Harvesting Cherry Trees

Are you ready to enjoy delicious homegrown fruit? Harvest is the time to enjoy the results of your hard work. Keep a few things under consideration as you reap the fruits of your labor: the best time to pick the fruit from your tree, and how to store the fruit once it’s picked.

NOTE: This is part 11 in a series of 11 articles. For a complete background on how to grow cherry trees, we recommend starting from the beginning.

Sweet cherry trees will start bearing fruit in 4-7 years under normal growing conditons with proper maintenance and care.

Sour cherry trees will start bearing fruit in 3-5 years under normal growing conditions with proper maintenance and care.

When to Harvest

One sure sign that red cherries are getting ripe is when the birds start visiting your tree for breakfast. But when it’s for lunch and dinner too, you’ll probably want to keep these freeloaders away. One way to do this is to cover your tree with lightweight nets. Our Garden Nets keep fruit safe from attack. They are easy to use and last for years. Thin tiny fruits within three weeks after bloom so your tree can produce large fruits you’ll be proud of.

It’s best to wait until just the right time to pick the fruit off your trees. The sugar content increases significantly during the last few days of ripening, so wait to harvest your cherries until they are firm and fully red. Tart cherries will come off the stem when they are ripe; sweet cherries should be tasted in order to tell if they’re ready to pick. Neither type of cherry will continue to ripen after it has been picked.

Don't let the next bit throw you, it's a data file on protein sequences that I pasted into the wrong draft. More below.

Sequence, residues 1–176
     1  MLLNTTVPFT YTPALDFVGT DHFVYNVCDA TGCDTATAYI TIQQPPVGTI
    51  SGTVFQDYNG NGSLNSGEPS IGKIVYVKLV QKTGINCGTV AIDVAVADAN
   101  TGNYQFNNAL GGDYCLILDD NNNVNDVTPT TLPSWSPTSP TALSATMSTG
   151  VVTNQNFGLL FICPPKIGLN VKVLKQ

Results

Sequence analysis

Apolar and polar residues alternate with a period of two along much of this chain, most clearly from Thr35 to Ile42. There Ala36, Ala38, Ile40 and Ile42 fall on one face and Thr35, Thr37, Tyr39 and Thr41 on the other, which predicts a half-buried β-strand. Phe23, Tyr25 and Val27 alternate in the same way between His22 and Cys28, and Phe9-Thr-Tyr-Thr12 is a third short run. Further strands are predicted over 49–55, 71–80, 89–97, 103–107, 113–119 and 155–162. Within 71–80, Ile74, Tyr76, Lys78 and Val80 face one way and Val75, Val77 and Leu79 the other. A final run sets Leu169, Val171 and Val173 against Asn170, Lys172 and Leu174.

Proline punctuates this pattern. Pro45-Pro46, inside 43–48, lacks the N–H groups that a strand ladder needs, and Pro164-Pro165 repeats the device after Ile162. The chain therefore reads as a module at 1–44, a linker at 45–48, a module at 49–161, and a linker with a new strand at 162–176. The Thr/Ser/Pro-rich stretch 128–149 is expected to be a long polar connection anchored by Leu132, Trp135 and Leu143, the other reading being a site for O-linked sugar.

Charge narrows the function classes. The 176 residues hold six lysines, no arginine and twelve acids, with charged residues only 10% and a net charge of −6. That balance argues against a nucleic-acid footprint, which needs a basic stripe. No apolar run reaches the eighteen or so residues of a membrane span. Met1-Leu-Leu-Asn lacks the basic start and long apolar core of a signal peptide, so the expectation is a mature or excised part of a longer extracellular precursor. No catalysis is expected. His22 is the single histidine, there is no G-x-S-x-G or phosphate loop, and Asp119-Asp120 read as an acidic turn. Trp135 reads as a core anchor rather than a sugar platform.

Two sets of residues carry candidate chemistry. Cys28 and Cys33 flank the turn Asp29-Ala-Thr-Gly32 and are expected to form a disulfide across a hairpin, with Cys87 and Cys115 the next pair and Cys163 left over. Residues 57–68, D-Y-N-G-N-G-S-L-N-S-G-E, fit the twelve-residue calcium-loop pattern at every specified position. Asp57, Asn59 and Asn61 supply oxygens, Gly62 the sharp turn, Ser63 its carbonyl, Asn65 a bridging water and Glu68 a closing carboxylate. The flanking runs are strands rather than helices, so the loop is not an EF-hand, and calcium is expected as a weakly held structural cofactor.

Harvest season for cherry trees in most areas begins in early June and runs through late July, depending upon the variety and growing location.

Annual Average Yield per Tree

Sweet Cherries
  • Dwarf, 8-10 gallons
  • Semi-dwarf, 10-15 gallons
  • Standard, 15-20 gallons
Sour Cherries
  • Dwarf, 3-5 gallons
  • Semi-dwarf, 12-18 gallons

Storing Cherries

Cool storage preserves cherries for the near-term. Fresh cherries will keep for about 7 days in the refrigerator, stored in perforated plastic bags. They will keep up to 10 days if you leave the stems on them. Don’t wash the fruit until you’re ready to use it or you’ll expose the cherries to quicker spoilage.

For longer keeping, some kind of preserving method will be required: canning, freezing or drying. Prior to any preservation, carefully pick through your harvest and discard any damaged or potentially infested fruit. They could negatively affect the integrity of your finished product and lead to spoilage that could be potentially harmful, or even dangerous to one’s health.

Sweet cherries can be easily pitted with a mechanical cherry pitter and then preserved for long-term storage. They can be frozen, dehydrated/dried, freeze-dried, canned, juiced or made into wine or liqueurs. Sour/tart cherries are most often used for jams, preserves, pies, cobblers, crisps and other desserts. If cooking with frozen cherries, thaw them beforehand for best results.

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